Everyone has the right to assemble and to peacefully protest. For years, activists have been calling for equality for Black lives and Black communities and broad reforms in our policing and criminal justice systems. From activists organizing in Ferguson to leaders like Colin Kaepernick showing their solidarity, calls for change have been resonating louder and louder with each life lost.
Trayvon Martin. Eric Garner. Breonna Taylor. Tony McDade. George Floyd. Too many names.
Black people, already uncertain about their safety and future in this country, and peaceful protestors face more militarized policing as they raise their voices in protest.
It’s more vital than ever to bring our communities and people together: take action and know your human rights to protest. Your action can bring hope and create lasting change. Everyone has a role in creating a world in which one person’s life matters just as much as the next person’s, no matter the color of their skin, their immigration status, their gender identity, or their religion.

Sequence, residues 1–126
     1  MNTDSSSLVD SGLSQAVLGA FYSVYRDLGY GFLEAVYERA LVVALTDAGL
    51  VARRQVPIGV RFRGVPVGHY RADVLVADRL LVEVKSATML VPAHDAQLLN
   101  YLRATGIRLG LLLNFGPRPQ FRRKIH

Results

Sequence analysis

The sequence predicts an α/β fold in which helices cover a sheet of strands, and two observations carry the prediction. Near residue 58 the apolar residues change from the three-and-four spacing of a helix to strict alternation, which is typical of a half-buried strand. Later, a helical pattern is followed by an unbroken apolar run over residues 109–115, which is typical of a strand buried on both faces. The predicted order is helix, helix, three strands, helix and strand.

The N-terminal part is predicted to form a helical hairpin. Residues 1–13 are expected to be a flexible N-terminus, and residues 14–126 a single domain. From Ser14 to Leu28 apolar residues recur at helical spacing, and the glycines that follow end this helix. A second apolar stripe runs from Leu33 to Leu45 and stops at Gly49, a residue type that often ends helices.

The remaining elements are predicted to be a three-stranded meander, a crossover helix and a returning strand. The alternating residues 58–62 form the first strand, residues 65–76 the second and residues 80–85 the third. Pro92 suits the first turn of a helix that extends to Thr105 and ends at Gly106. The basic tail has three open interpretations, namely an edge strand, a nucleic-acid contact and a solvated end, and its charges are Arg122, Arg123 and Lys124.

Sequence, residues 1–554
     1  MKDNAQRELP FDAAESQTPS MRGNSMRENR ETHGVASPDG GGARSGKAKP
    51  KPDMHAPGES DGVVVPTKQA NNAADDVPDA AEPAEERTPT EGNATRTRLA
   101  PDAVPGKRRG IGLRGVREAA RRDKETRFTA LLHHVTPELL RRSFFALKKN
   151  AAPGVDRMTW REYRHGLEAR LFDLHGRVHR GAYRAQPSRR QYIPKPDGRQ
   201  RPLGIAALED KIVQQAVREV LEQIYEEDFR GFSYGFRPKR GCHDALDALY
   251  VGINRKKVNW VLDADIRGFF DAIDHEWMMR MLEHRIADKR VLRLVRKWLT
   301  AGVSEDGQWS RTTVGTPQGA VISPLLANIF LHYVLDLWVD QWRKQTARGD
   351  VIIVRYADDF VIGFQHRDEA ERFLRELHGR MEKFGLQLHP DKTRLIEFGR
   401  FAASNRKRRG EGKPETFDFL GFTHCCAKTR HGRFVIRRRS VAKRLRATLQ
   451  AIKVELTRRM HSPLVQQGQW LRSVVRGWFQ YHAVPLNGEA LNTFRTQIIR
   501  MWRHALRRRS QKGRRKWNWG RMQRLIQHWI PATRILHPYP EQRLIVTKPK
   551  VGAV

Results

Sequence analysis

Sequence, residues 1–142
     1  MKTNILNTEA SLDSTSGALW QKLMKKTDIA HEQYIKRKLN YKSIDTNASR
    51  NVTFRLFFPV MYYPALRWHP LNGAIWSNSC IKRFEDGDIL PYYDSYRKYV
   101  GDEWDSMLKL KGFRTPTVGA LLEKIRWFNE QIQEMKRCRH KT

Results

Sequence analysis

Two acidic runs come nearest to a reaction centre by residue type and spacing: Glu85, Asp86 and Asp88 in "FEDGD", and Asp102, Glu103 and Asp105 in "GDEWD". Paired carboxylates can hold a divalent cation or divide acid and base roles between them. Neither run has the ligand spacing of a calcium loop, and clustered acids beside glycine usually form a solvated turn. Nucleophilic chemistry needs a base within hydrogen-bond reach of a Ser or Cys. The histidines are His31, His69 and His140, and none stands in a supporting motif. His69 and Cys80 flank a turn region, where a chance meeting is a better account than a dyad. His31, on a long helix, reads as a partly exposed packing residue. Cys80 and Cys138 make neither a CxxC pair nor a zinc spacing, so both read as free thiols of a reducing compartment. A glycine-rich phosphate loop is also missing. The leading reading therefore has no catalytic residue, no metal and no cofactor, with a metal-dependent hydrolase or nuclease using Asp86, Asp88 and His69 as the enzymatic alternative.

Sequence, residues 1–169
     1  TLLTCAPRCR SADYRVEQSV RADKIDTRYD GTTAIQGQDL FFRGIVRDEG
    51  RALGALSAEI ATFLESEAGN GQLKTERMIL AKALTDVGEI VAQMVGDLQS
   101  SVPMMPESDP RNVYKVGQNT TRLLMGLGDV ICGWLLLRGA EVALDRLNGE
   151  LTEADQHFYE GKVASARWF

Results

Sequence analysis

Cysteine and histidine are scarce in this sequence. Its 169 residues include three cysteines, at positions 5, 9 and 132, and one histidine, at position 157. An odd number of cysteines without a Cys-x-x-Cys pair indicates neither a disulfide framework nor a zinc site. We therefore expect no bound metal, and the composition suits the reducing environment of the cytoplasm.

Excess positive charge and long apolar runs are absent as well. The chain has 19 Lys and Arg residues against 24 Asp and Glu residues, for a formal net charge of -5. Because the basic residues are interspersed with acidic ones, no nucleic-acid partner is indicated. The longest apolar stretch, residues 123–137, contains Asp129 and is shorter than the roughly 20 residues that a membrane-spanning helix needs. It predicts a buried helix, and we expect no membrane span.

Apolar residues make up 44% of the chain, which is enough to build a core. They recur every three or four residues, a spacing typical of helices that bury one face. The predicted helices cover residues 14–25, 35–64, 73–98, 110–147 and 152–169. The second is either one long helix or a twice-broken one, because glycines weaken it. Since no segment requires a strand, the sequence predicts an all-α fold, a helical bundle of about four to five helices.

If any of your rights are violated, you have a right to file a complaint and to be provided information on how to do so. Any and all violations of human rights by the police or other authorities must be investigated fully, promptly and independently.
As one of the world’s largest grassroots organizations, Amnesty International has a long history of monitoring and investigating police conduct throughout the world, including in the U.S. We investigate and expose abuses, educate and mobilize the public, and engage in transformative action to create a safer and more just world. When the U.S. government demands that governments in other countries improve their human rights records, we must hold it accountable by asking it to be transparent about its own human rights abuses with regard to policing. As a non-partisan organization, Amnesty International is committed to holding all government officials accountable to human rights.